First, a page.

Drip Portfolio Report
Monday, March 30, 1998
by Dale Wettlaufer (DaleW@fool.com)

ALEXANDRIA, VA (Mar. 30, 1998) -- Before we go on with the various financial statements, we'll lay out a glossary that will be kept in the DRIP port archives. This way, you can familiarize yourself with some of these terms and refer back to the glossary when you need to.

Income Statement Terms

Interest Income This is the first component of a bank's or financial services company's revenues. It is comprised of interest, dividends, and fees received on earning assets such as loans, bonds, preferred stock, and other interest-bearing assets. Depending on the company, interest income will be broken down by business line (such as lending, trading, and securities).

Interest expense The cost of funds the company borrows on a short- and long-term basis, buys in the money markets, or takes in from depositors.

Net interest income This is interest income minus interest expense. Net interest margin, which is the net yield on earning assets, is calculated as interest income minus interest expense divided by average earning assets:

Interest income minus interest expense ------------------------------------------ Average earning assets

Mathematically, it can also be calculated by:

Interest income Interest expense ------------------- minus ------------------- Avg. Earning Assets Avg. Earning Assets

The three components can tell you a lot about what sort of business the company is in, even if you have no idea what type of bank you are looking at. This takes some experience, but the general rule of thumb in lending and in the securities markets is the higher the rate of interest (reward), the higher the amount of risk.

By breaking down a company's interest income and interest expense as a percentage of average earning assets, you can see the difference between the yield of earning assets and the cost of earning assets. The combination of the two is the net yield on earning assets. Unlike the income statement of a manufacturing or service company, what can be seen as an explicit expense is shown on the revenues line. The income statement of a bank is somewhat more integrated than other income statements, as a major cost of revenues -- interest expense -- is right next to interest income (a major part of revenues) on the income statement.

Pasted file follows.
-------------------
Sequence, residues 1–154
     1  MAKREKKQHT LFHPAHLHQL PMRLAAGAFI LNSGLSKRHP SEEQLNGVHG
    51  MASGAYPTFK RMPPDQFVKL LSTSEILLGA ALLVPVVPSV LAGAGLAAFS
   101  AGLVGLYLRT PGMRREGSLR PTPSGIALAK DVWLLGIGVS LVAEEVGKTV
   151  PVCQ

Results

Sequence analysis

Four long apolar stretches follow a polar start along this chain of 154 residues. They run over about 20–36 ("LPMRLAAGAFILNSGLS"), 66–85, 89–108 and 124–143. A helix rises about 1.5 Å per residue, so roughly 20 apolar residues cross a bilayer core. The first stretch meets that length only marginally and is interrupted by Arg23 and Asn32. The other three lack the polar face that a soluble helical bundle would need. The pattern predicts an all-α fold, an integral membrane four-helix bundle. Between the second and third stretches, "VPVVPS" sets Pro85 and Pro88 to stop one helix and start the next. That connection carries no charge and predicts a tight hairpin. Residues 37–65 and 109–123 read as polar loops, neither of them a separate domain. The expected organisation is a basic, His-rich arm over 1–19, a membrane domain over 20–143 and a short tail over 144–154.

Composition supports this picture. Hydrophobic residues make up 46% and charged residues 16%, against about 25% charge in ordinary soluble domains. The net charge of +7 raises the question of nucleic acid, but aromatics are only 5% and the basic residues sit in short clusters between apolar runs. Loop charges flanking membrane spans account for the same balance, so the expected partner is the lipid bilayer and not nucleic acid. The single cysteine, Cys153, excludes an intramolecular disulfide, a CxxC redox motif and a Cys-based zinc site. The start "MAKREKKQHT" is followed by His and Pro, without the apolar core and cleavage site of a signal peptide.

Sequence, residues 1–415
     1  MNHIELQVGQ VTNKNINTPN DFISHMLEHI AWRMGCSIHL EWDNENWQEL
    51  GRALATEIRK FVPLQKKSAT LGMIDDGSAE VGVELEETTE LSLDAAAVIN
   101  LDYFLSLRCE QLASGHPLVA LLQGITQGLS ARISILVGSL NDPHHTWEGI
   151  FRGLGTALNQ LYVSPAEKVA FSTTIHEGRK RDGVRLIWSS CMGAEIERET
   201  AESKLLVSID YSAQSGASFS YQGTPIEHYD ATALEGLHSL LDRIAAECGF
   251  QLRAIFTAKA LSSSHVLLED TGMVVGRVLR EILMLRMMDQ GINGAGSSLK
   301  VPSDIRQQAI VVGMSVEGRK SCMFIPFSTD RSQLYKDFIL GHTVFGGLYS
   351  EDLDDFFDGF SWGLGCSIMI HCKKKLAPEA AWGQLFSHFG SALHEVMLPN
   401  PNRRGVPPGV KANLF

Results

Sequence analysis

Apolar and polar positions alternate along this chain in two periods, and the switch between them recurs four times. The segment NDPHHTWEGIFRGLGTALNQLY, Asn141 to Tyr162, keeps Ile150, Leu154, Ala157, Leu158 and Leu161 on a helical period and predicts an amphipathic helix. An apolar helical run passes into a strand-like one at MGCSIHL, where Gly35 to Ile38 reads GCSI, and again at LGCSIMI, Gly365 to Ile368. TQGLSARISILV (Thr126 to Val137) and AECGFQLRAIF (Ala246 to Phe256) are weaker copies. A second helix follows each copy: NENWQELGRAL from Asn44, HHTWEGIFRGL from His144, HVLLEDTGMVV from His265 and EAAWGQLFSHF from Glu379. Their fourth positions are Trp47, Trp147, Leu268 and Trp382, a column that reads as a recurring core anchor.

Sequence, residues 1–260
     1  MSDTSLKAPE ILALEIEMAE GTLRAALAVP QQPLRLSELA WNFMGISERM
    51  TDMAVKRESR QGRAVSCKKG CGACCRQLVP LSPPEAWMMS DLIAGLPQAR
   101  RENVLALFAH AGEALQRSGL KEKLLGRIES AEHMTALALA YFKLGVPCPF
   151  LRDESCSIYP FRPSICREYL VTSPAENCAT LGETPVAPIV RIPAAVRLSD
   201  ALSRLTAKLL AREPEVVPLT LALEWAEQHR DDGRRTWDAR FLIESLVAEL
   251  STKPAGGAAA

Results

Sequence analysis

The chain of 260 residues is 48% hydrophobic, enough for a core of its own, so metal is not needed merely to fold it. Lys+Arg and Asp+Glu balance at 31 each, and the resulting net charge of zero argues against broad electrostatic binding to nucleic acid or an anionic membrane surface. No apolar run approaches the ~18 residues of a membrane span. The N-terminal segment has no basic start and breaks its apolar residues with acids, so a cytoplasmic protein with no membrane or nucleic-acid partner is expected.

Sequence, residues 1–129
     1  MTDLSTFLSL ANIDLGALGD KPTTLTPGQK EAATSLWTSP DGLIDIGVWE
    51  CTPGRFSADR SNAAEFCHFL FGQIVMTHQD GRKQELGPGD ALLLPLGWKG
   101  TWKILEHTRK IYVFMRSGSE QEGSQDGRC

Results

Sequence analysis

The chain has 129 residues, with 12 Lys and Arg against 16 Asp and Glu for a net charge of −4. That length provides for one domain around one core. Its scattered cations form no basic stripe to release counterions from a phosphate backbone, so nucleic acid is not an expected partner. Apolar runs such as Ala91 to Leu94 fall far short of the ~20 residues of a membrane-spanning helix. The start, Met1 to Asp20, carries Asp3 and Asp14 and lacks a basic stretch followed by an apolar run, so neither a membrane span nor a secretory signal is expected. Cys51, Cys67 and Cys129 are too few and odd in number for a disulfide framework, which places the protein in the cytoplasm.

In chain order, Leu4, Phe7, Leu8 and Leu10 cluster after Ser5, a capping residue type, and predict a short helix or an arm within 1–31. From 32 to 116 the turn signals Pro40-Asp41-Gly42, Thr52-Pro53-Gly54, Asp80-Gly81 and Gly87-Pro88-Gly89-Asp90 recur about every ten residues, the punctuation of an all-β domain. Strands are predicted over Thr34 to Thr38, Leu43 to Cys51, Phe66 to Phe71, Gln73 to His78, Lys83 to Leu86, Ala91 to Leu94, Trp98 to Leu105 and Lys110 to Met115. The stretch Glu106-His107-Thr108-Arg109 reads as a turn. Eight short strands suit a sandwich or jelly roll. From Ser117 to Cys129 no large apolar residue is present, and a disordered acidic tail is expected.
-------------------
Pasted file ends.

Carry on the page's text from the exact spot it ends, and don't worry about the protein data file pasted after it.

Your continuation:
Tomorrow, loan loss provisions, charge-offs, and noninterest income.

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Stock Close Change INTC 77 7/16 -1 7/16 JNJ 71 11/16 + 3/16
Day Month Year History Drip (0.95%) (8.65%) 6.36% (9.43%) S&P 500 (0.17%) 4.22% 12.69% 14.95% Nasdaq (0.27%) 2.72% 15.81% 14.11% Last Rec'd Total # Security In At Current 03/02/98 8.625 INTC $80.572 $77.438 03/10/98 3.170 JNJ $67.087 $71.688 Last Rec'd Total# Security In At Value Change 03/02/98 8.625 INTC $694.94 $667.90 ($27.04) 03/10/98 3.170 JNJ $212.67 $227.25 $14.58 Base: $1300.00 Cash: $339.76** Total: $1234.91

The Drip Portfolio has been divided into 54.538 shares with an average purchase price of $23.837 per share.

The portfolio began with $500 on July 28, 1997, adds $100 on the 1st of every month, and the goal is to have $150,000 in stock by August of the year 2017.

**Transactions in progress:

03/17/98: Sent $81 to buy/enroll in CPB.
03/17/98: Sent $70 to buy more JNJ.
03/16/98: Sent $30 to buy more INTC.